Others: Leccinum, Amanita muscaria, Cantharellus cibarius, Agaricus campestris, Gyromitra esculens, Pholiota squarrosa, Calvatia booniana, Hydnum imbricatus, Russula emetica, Pleurotis ostreatus, Armillaria ostoyae, Neolentinus ponderosum, Clavariadelphus truncatus, Microstoma protractum, Hygrophorus subalpinus, Cladonia chlorophaea


Amanita muscaria
(Fly agaric):

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Pholiota squarrosa
: These are very pretty (but inedible) and can be seen, rarely, under aspen trees.

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And here is a small flush of them from Aug 2013, with no aspens in sight. I have seen this species only three times,

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In the early summer of 2011 I found a group of Gyromitra esculenta (below, near intersection of Gore Range trail and Willow Lakes trail), which were new to me. They can be quite poisonous, so I was not tempted. But they look intriguing. In 2012 and 2013 I saw a few on a trail very near our house.

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And a somewhat burned out Gyromita from July 2, 2013:

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And in 2014 they were out early: nice and large on June 7, 2014.

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And a few days later from the same field.

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And some nice chanterelles from 2007.

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Some young leccinum, often mistaken for porcini, from the end of my driveway. The cap underlaps the sponge, they shake when touched, and the base is not bulbous and stains dark on being scratched.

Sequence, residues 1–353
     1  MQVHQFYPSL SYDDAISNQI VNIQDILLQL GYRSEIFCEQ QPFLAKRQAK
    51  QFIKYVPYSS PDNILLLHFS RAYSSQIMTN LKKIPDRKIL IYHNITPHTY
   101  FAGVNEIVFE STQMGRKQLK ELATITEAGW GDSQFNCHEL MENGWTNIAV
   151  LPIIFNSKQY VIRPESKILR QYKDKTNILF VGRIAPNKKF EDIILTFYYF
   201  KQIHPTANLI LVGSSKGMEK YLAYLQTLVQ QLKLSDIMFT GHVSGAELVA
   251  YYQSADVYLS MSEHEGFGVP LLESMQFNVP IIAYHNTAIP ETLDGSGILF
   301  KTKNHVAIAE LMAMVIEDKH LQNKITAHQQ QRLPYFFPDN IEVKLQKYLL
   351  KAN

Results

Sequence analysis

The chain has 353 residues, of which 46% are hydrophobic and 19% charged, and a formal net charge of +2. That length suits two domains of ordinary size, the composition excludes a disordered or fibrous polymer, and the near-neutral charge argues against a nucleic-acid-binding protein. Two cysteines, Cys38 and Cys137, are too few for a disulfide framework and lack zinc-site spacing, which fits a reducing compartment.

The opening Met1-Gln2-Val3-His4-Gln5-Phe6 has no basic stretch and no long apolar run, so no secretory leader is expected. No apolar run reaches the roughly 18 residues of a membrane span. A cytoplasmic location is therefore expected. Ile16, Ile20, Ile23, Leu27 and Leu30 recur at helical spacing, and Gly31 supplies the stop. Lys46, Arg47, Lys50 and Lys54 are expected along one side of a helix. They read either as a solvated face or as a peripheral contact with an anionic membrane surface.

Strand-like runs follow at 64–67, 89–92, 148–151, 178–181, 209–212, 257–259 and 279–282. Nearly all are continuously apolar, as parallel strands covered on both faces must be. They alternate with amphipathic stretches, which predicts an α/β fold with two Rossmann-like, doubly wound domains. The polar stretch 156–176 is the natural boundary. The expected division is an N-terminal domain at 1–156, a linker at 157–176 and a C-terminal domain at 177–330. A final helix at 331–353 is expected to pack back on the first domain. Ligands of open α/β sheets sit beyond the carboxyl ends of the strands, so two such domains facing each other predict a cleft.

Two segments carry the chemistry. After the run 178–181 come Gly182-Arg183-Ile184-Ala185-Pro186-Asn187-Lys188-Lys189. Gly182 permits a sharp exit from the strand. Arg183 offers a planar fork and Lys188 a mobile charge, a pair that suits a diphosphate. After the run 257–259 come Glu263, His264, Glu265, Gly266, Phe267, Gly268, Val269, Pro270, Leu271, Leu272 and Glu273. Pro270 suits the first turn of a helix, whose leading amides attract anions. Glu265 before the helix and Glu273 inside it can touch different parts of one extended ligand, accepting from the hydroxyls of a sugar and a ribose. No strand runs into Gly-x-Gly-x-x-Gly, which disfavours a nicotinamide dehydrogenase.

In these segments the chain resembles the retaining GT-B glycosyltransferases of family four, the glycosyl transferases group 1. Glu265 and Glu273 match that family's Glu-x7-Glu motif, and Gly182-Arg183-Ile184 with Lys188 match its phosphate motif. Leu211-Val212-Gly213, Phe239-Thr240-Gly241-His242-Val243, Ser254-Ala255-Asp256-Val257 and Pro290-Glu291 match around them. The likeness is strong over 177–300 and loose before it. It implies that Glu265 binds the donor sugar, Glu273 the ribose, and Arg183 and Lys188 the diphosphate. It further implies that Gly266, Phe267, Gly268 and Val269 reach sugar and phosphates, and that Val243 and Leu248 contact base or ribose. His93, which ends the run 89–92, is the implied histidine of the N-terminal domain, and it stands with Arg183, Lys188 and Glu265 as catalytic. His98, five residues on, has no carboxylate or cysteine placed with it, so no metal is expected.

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Hawk’s wing, or Hydnum imbricatum, also known as Sarcodyum imbricatus. Edible, but I have not found them very good.

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Agaricus campestris
. These have pink gills when young, turning brown (never white). They are like grocery store mushrooms, but with a much fresher and richer taste.

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These meadow mushrooms crush so easily I have stopped picking them. This one is from Aug 2, 1013.

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Here’s a nice puffball. These are edible, but the flavor is minimal so I don’t pick them. Calvatia booniana I thiknk.

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And a bunch.

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A nice young pair of Russula emetica.

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An oyster mushroom (Pleurotis ostreatus) on left. Not sure what is on right.

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A shaggy mane, Coprinus Comatus.

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Armillaria ostoyae, the honey mushroom, was out in great quantity in late August, 2013. Note how the white spores from the upper ones land on the lower ones.

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Neolentinus ponderosum
, late June 2016, coming out of stumps in profusion.

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Note how the gills are serrated, and also generally alternate in size (see lower right).

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Clavariadelphus truncatus (club coral) seems to grow in places that also support chanterelles. They have a very unusual sweet taste.

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Microstoma protractum (or Rosy Goblet), apparently very rare. Found near the wilderness boundary on the Upper Salt Lick Trail (Wildernest area; about 9500 feet) on May 27, 2017, during a cold wet spring. These are very small: the flower-like example bellow is about a half-inch in diameter. The color is outstanding.

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Hygrophorus subalpinus
(or Supalpine waxy caps), found June 13, 2017, not far from the Ryan Gulch Trailhead at 10000 feet. These look a little like Agaricus Campestris, but are much more substantial and have totally different gill color. They also look like some Tricholomas, but again, the lack of an odor means they are not. They emerge near snowbanks, and there was indded some snow remnants nearby.

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The following is not really a mushroom, but is pretty: Leaf lichen, Cladonia chlorophaea: (Aug. 15, 2017, Ruby Gulch, Montezuma, 11400 feet; second photo by Dan Schwalbe)

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Created with the Wolfram Language